Starting with 1976’s Silver Streak, Gene Wilder and Richard Pryor were joined at the hip as a comedy duo. With Pryor as the improvisational dynamo and Wilder as his hapless accomplice, their on-screen chemistry was electric — on par with Laurel and Hardy’s.
“The timing of everything we did on-screen came so spontaneously to us that it was almost like sexual attraction,” Wilder said in his memoir, Kiss Me Like a Stranger. It was a relationship that stretched into the ’90s; in all, they made four films together.
The duo’s debut was supposed to have come in 1974, in Mel Brooks’s Western spoof Blazing Saddles. Brooks hired Pryor to work on the script and planned on casting him in the lead. Pryor had previously penned episodes of Sanford and Son and had been shopping a script for his own politically incorrect Western comedy, The Black Stranger. But hopes of casting the bright young comedian were dashed when he started bringing Courvoisier and cocaine to script sessions. Cleavon Little got the part, though Pryor’s pungent racial humor is in evidence throughout the film.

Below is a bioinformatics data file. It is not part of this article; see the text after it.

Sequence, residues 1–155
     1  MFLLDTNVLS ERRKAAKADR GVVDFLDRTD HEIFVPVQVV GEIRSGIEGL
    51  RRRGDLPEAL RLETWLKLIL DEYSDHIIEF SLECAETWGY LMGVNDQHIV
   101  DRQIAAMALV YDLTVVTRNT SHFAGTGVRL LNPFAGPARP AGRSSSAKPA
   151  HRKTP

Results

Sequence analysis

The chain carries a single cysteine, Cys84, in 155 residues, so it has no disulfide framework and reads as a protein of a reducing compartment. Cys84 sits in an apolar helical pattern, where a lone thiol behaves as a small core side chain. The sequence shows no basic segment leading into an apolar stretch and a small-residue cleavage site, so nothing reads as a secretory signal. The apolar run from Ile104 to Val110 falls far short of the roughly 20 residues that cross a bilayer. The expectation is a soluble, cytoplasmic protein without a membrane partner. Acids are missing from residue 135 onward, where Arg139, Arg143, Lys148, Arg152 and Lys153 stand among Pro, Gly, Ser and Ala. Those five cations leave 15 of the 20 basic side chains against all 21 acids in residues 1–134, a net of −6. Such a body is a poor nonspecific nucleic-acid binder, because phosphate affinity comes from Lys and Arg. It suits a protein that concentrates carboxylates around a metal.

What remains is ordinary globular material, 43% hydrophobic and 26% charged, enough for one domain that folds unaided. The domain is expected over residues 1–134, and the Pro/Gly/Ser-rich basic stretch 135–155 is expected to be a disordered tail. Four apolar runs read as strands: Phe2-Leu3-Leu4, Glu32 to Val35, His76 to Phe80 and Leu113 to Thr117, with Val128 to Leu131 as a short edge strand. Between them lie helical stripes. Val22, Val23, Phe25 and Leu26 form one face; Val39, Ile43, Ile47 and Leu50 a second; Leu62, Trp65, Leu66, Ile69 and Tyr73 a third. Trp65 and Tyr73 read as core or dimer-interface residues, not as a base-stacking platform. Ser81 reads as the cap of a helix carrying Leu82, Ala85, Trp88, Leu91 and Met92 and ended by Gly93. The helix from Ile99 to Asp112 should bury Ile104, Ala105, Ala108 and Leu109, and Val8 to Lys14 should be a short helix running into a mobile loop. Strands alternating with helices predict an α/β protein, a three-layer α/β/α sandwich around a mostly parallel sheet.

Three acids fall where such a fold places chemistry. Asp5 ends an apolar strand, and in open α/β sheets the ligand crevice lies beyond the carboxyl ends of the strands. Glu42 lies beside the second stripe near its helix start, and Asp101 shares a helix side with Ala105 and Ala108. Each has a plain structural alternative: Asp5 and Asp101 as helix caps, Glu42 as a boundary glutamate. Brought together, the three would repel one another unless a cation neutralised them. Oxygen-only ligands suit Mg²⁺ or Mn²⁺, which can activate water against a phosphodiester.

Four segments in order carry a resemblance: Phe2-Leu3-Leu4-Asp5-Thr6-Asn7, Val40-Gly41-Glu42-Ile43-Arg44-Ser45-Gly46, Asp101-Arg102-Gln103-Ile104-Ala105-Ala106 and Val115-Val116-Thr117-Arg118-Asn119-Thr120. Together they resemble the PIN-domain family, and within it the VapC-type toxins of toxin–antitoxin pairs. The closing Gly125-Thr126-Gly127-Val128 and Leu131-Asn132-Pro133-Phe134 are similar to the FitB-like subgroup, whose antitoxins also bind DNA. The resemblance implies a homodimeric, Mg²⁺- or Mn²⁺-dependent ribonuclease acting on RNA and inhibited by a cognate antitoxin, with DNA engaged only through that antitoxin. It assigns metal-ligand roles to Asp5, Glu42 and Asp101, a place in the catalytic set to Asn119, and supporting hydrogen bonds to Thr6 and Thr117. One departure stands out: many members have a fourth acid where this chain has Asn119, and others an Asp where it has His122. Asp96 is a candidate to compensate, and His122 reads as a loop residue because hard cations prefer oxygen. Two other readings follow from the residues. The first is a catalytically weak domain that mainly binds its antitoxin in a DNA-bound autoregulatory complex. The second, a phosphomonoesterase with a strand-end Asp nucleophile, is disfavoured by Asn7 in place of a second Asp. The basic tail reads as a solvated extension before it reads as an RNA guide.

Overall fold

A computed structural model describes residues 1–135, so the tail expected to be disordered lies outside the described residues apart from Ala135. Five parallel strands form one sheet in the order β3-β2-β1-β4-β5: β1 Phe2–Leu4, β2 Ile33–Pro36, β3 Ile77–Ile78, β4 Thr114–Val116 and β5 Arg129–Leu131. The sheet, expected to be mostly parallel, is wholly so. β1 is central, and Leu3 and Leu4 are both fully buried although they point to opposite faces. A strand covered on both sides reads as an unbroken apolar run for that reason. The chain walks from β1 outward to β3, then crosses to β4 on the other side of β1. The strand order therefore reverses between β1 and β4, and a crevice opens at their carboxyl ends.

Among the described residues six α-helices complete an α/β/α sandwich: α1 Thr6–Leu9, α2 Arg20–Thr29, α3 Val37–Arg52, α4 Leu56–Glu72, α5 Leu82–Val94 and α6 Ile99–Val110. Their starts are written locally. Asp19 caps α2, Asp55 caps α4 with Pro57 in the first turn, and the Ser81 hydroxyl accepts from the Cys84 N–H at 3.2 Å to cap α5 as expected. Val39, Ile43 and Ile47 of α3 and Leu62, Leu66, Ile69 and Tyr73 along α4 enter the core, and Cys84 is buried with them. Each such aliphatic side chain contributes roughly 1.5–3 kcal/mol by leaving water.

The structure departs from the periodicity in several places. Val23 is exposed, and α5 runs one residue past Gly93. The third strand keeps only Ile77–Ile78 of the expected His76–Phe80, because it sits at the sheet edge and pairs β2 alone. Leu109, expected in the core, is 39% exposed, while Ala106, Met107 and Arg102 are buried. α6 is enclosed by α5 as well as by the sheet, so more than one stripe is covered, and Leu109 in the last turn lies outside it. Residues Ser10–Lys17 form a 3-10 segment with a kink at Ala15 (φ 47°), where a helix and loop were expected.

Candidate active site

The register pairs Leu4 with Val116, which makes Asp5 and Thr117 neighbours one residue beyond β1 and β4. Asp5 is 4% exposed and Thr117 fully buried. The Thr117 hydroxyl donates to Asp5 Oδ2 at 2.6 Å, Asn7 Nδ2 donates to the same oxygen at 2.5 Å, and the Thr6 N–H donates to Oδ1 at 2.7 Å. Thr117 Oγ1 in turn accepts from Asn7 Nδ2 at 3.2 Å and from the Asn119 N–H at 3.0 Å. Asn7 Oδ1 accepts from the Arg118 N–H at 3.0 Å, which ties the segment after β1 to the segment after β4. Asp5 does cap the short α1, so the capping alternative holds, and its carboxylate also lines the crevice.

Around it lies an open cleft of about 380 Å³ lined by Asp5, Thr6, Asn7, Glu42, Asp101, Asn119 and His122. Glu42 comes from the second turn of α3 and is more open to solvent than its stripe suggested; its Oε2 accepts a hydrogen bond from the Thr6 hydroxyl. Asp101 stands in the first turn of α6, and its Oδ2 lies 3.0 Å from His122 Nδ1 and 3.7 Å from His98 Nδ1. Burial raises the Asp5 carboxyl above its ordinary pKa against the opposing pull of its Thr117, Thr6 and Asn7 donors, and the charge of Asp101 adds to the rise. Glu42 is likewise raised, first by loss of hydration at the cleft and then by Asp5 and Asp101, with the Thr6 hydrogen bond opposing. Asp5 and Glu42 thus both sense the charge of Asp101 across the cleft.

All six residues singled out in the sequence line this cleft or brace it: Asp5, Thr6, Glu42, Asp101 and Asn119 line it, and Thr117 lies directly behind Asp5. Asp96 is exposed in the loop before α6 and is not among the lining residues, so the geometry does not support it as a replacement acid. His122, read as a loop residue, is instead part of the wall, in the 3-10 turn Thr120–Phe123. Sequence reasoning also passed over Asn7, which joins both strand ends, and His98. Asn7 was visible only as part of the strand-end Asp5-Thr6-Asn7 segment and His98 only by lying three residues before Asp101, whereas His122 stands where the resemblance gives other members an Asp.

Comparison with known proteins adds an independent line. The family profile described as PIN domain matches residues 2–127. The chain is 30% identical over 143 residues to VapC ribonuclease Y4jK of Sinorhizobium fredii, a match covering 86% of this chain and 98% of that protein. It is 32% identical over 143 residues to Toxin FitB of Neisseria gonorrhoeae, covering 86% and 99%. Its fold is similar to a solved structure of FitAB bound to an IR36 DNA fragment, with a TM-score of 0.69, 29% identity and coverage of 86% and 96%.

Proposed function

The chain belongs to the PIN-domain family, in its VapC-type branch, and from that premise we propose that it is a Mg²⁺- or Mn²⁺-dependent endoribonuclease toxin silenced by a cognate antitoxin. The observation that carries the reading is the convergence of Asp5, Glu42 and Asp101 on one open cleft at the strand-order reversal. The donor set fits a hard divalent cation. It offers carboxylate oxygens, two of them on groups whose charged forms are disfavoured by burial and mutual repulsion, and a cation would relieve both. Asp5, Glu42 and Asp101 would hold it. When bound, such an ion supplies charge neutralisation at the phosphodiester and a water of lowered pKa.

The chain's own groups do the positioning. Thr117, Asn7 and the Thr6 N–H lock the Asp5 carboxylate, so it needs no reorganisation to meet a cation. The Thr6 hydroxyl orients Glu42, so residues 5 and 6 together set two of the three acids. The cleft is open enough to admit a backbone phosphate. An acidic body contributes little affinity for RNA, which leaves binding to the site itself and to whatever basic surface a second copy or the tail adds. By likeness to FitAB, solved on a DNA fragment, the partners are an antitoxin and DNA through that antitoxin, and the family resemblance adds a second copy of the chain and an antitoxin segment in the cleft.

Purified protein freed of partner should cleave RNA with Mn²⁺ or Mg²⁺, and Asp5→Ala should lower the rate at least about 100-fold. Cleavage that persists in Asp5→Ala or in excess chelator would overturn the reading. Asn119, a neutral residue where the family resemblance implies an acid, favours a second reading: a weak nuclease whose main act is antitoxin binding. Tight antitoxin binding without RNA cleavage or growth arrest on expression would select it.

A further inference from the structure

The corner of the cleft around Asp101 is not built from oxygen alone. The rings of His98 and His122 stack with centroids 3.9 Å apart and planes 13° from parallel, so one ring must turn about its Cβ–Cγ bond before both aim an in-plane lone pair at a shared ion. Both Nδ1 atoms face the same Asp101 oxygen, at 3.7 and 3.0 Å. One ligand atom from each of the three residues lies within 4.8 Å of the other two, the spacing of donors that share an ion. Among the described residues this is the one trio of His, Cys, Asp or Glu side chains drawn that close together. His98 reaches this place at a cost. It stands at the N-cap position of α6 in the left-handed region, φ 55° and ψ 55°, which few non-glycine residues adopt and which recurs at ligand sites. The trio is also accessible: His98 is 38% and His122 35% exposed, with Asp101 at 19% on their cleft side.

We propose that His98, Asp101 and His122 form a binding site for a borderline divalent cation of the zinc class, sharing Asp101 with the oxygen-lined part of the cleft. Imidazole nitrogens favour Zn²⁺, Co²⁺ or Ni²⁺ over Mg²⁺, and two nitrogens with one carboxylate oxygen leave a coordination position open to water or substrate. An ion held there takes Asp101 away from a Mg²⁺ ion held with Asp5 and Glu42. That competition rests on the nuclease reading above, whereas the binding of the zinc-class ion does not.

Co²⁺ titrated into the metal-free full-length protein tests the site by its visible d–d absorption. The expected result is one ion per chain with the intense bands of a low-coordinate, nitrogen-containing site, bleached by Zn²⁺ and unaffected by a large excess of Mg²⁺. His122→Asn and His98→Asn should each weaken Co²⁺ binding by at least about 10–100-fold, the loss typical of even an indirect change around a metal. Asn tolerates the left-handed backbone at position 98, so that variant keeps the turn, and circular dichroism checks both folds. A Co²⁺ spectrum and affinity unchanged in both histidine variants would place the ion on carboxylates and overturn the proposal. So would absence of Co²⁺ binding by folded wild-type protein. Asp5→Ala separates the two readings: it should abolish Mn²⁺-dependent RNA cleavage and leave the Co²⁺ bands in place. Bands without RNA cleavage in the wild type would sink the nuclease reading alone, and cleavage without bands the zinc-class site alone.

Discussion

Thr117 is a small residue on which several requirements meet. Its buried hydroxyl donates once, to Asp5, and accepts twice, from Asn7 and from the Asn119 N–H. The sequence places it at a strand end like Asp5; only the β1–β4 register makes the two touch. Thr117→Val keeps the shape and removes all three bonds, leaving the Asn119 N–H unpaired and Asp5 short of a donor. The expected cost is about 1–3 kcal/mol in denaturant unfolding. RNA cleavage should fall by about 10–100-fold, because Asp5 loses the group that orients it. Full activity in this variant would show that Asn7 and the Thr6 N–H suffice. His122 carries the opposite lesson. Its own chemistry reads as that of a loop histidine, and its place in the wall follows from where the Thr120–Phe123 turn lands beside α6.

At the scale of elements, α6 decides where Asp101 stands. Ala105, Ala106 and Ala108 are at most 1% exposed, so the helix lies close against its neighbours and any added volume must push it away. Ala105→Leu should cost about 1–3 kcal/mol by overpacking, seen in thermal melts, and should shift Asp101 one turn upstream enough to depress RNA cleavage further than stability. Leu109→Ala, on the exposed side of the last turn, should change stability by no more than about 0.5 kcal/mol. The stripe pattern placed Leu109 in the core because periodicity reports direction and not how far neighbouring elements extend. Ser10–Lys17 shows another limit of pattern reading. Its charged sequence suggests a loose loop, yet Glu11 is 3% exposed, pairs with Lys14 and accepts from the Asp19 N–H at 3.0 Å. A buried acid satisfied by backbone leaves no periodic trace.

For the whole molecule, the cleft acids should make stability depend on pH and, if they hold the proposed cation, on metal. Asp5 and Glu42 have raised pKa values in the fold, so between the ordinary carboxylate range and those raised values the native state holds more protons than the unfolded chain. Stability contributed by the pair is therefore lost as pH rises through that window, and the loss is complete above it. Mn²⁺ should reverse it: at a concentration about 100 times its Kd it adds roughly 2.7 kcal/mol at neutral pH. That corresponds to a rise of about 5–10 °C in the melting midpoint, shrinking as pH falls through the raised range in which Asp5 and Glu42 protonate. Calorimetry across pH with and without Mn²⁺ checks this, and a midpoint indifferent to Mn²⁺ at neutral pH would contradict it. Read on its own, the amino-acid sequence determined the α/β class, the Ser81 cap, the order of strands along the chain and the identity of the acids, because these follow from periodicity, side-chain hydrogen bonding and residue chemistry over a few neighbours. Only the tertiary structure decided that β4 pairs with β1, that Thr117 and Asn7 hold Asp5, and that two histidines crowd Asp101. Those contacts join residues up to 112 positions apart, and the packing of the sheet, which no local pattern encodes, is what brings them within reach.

Drug problems also led to another casting change. Gig Young was supposed to play the whiskey-guzzling Waco Kid, but his real-life alcohol problems got the better of him. Wilder came in to save the day for what would become the year’s most unexpected blockbuster.